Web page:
Buying your fantasy car doesn't have to be just a dream. People achieve their own auto nirvana every day, often with a lot less cash than you might think. So what does it take to actually own a car that turns heads ands lights up your face with a smile every time you rev it up?
We talked to three auto experts who regularly buy, sell, and work on drool-worthy cars to find out. Buying a dream car requires patience, planning, and, preferably, cold-hard cash. Our experts couldn't stress how important it is to be an educated buyer.
Richard Rawlings stars in Discovery Channel's 'Fast N' Loud,' a show in which he and his colleagues scour Texas for undervalued cars, restore them, and then flip them for a profit. His conquests include everything from a rusty old Ford Galaxie to a Ferrari F40. He says there's no shortage of dream cars just waiting for a good home. But he doesn't necessarily recommend following his buy-and-fix method for most people.
Mike Sarcona owns and operates Classic Cars West, a boutique vintage dealership in the San Francisco Bay Area. His current inventory includes a 1957 Chevrolet Bel Air, a 2008 Aston Martin Vantage, and a fully restored 1966 Ford Mustang Fastback.
We also spoke with Laura Fisher of Experience Auto Group, which has Maserati and Ferrari showrooms in New York and New Jersey.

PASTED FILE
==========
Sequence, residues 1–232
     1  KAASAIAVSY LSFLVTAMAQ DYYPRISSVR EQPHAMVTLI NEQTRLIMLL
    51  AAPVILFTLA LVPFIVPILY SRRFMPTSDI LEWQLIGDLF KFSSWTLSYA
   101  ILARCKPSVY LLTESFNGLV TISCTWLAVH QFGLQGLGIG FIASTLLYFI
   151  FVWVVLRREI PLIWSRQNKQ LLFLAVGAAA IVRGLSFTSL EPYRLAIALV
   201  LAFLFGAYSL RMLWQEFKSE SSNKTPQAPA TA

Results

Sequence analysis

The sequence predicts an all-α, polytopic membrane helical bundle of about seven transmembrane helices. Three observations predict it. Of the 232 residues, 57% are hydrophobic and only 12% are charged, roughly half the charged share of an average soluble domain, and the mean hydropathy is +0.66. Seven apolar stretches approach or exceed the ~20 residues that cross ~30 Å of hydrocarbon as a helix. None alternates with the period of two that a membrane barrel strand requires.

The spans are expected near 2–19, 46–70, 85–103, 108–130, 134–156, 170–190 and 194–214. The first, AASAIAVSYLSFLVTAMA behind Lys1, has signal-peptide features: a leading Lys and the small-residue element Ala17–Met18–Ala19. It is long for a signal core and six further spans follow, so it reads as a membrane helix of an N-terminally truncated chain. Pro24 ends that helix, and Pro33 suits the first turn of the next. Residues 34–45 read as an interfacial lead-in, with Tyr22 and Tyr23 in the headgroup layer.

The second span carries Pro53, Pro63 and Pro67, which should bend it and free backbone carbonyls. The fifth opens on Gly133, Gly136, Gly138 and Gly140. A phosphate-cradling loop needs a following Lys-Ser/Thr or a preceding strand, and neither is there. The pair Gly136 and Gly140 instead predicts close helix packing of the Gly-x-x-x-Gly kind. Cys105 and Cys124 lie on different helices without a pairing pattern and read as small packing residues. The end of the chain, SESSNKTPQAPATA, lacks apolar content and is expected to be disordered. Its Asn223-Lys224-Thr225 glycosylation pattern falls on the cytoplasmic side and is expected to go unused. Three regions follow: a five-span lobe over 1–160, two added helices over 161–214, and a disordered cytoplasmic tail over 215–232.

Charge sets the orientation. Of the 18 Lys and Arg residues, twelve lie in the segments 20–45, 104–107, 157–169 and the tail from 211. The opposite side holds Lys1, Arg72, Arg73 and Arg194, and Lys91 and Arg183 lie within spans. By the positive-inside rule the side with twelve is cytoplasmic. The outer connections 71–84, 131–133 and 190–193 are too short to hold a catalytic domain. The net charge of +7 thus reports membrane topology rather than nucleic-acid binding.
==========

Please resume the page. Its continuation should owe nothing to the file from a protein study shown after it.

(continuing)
No matter your budget or taste in vehicles, you should follow these seven steps to make sure your car dream doesn't turn into a nightmare.
Buy from a longtime owner.
Buying a collectible car with low mileage from a little old lady who is the original owner doesn't happen very often, but keep that ideal in your head when shopping if you want to score an undervalued car. "Try to buy your car from someone that's had it for five to 10 years," Rawlings said. "Their perspective on value is much different than someone that bought it a year or two ago." And don't feel too greedy about it: Rawlings points out that less market-savvy sellers can still make a healthy profit from the transaction, even if they sell it well below what it's worth and aren't aware of its current value.
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